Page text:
Remittances made by a branch of a foreign corporation to its head office cannot as a general rule be treated as expenses by the payer branch. On the other hand, remittances made by subsidiary companies to their parent company arise from business-to-business transactions, and so are generally regarded as payments of costs/expenses, distributions of profits, loans (or repayments of loans), and so forth depending on the nature of the transaction concerned. Certain of these costs/expenses are deducted when calculating the income of the payer subsidiary companies. Some of the payments regarded as income of the parent company (e.g., payments of interest, dividends or usage fees) require withholding of income tax at the source at the time of payment.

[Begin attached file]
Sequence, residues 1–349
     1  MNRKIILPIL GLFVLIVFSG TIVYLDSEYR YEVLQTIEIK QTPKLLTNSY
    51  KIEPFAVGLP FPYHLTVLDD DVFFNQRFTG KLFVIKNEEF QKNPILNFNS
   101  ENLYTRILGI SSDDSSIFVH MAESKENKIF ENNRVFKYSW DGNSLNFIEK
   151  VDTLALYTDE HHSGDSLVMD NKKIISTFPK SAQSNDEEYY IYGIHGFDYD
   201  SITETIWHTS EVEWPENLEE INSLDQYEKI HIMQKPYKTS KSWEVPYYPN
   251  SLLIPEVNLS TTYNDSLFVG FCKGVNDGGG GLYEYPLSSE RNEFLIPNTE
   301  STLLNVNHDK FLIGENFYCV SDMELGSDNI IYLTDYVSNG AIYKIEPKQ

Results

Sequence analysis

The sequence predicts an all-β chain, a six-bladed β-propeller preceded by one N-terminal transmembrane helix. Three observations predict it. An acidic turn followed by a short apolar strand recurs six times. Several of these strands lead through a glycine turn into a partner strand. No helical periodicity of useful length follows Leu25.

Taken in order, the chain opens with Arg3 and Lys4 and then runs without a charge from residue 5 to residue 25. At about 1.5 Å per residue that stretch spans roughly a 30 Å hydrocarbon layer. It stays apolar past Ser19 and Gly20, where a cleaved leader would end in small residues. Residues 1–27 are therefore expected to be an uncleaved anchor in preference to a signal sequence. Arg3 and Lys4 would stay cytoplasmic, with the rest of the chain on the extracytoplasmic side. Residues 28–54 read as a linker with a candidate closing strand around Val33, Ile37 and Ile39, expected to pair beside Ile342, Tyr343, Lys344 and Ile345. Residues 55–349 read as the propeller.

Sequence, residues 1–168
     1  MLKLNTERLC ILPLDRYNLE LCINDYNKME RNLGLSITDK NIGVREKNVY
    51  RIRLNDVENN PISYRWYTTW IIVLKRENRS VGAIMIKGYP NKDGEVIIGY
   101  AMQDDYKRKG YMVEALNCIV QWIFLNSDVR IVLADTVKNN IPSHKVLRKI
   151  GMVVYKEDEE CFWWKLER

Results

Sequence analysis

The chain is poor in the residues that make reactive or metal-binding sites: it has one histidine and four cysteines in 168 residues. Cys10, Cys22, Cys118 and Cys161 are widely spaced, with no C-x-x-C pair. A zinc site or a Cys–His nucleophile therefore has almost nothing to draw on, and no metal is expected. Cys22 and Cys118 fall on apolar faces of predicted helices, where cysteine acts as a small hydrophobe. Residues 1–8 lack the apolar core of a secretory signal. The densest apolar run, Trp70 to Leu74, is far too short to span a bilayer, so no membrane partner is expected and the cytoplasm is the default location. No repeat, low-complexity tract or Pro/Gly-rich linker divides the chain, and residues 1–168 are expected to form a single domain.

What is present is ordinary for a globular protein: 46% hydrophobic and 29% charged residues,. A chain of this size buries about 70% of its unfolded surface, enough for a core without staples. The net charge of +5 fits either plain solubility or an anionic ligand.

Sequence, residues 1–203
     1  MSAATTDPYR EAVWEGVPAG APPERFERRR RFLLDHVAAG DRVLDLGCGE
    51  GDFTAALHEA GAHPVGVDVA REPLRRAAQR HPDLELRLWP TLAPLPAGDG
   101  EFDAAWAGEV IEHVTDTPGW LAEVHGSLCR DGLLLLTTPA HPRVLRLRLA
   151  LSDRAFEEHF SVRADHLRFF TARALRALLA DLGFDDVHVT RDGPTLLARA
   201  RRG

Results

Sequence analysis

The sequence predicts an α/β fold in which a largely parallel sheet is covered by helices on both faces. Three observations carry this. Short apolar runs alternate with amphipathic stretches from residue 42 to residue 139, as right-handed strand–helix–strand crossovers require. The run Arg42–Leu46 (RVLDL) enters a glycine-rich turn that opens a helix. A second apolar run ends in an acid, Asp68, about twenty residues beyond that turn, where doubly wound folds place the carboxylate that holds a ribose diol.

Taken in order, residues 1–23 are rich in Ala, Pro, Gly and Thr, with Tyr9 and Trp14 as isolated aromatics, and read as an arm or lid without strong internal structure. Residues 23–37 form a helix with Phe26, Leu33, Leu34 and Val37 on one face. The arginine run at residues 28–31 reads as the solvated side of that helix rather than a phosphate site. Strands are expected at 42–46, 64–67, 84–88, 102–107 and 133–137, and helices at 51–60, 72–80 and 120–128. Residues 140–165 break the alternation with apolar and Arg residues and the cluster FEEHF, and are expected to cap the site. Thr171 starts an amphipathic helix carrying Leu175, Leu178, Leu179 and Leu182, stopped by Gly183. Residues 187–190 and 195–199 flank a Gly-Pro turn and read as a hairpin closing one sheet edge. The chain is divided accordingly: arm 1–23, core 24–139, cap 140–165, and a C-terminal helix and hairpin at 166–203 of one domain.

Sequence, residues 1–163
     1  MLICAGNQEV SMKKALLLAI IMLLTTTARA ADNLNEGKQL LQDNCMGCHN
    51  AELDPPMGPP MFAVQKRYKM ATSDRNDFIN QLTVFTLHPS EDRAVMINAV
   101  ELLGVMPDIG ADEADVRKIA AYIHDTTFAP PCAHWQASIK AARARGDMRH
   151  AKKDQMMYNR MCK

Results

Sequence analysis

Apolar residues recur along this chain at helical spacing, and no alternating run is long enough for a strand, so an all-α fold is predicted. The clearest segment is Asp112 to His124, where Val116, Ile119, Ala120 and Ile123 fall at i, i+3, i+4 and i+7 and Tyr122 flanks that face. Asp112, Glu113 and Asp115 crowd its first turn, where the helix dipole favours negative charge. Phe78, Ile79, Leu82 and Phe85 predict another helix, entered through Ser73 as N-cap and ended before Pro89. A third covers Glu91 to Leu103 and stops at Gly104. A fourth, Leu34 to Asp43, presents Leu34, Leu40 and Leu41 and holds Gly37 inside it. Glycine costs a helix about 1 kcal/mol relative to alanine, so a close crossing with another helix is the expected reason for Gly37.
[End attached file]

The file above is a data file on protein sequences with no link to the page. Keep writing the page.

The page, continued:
Net losses under income in each business year are carried forward for the next nine years. Losses may only be carried forward in this way if a blue form tax return is filed for the business year in which the loss arose, and a final tax return is then filed every subsequent year. Note that if a corporation has capital in excess of 100 million yen or is a wholly owned subsidiary of a large corporation with capital of at least 500 million yen (including foreign corporations), the amount of loss that may be deducted from income cannot exceed 80% of income. Certain corporations, such as prescribed small and medium-sized enterprises that file a blue return, are also allowed to carry back a loss to the business year commencing not more than one year prior to the date of commencement of the business year in which the loss arose, and receive a full or partial refund of the amount of corporate tax in the business year in which the loss was carried back.